The following Arbitration guidance note Produced in partnership with Peter McQueen provides comprehensive and up to date legal information covering:
An arbitration agreement is evidence that the parties have consented to resolve the dispute by arbitration and that consent, once given validly, cannot be unilaterally withdrawn. Further, the obligation to arbitrate is independent and separable from the main contract. Should one party breach that agreement by attempting to resolve the dispute by way of legal proceedings in a court, there are remedies available both nationally and internationally to enforce the obligation to arbitrate as evidenced by the arbitration agreement.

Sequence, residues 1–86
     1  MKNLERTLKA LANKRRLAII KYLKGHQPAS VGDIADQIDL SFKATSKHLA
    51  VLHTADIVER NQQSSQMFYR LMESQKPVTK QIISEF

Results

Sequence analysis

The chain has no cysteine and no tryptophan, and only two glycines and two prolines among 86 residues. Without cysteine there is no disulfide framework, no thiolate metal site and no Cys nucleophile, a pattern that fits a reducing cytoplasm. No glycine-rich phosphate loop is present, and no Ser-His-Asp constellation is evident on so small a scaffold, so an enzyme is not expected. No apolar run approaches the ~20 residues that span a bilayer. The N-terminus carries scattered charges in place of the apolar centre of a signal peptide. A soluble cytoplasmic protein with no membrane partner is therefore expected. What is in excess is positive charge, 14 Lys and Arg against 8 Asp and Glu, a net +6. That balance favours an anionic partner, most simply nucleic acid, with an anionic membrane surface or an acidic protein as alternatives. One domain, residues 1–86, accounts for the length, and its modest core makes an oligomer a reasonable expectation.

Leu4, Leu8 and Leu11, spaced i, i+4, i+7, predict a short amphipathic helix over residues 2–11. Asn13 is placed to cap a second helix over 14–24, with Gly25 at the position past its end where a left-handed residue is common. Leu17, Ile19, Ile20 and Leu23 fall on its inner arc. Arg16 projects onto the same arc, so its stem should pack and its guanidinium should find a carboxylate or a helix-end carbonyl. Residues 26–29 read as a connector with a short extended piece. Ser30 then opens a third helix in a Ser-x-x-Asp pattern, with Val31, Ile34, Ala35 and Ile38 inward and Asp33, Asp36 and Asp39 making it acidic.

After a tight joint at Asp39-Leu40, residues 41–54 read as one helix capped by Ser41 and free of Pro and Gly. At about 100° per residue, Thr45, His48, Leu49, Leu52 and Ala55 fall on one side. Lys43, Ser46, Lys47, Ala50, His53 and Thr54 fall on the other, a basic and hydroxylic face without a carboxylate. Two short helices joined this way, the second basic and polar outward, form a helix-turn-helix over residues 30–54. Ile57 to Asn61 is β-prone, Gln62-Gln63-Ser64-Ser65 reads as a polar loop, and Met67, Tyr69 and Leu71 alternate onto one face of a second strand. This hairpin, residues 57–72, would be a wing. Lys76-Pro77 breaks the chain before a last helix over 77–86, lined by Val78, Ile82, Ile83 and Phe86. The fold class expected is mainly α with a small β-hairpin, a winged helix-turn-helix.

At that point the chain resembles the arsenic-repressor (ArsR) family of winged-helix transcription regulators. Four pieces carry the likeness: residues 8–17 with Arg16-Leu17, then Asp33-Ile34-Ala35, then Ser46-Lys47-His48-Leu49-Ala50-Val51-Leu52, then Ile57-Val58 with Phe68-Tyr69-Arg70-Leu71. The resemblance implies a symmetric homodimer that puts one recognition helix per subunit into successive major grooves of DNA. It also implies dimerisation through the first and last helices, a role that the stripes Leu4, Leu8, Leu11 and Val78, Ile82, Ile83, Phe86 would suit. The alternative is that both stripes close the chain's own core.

By s 9(1) of the Arbitration Act 1996 (AA 1996), a party to an arbitration agreement against whom legal proceedings are brought in respect of a matter which under that agreement is to be referred to arbitration, may apply to the court in which the proceedings have been brought to stay the proceedings, so far as they concern that matter. By AA 1996, s 9(3), such application may not be made by that party before taking the appropriate procedural step (if any) to acknowledge the legal proceedings against it or after that party has taken any steps in those proceedings to answer the substantive claim. By AA 1996, s 9(4), on such an application the court shall grant a stay unless the arbitration agreement is null and void,
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